A small, randomised clinical trial reported today in BJS studied 74 seriously obese patients who had a gastric bypass. Polypropylene mesh was used to help close the incision in 34 patients, while 36 patients received standard sutures alone.
The result was clear – none of the patients with mesh closures developed hernias, while hernias occurred in eight of those who only had sutures.
“Developing a hernia is the most common reason why patients return to hospital after a gastric bypass, so finding that mesh can prevent this is important,” says lead author Dr Janusz Strzelczyk, who works in the Department of General and Transplant Surgery at Barlicki Hospital, Lodz, Poland.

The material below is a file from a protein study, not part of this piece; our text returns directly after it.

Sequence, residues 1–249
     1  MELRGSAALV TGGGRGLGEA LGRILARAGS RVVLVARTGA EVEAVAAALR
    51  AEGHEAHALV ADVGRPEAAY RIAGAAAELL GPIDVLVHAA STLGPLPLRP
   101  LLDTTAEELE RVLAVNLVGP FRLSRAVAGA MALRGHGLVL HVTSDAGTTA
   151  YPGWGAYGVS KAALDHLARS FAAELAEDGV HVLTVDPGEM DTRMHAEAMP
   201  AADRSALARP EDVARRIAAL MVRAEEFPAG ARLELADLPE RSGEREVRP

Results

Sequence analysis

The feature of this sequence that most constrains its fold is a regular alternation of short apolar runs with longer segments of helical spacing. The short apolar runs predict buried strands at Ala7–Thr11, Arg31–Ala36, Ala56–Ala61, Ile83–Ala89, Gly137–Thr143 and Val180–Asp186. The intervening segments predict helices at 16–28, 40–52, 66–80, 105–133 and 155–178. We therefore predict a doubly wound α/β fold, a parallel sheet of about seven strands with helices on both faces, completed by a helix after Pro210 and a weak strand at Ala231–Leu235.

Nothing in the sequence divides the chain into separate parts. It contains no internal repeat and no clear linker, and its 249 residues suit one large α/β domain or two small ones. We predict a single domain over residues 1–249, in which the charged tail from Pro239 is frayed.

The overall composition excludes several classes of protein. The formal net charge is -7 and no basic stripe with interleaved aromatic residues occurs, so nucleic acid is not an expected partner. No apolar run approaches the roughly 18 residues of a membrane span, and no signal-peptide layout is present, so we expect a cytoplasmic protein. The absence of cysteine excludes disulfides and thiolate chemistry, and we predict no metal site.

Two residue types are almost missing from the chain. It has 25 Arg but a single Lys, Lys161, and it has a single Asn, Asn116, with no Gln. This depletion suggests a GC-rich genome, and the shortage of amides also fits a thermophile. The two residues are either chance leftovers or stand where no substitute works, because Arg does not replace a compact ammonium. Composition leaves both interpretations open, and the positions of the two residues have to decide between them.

Using the mesh did not affect any other aspect of the treatment, including the length of a patient’s stay in hospital, or the overall cost of the procedure.
The authors believe that surgeons should now consider using mesh as a standard procedure in these sorts of operations. They believe this is particularly the case as the epidemic of obesity is likely to drive this form of surgery from specialist centres to general hospitals.
Polly Young | alfa
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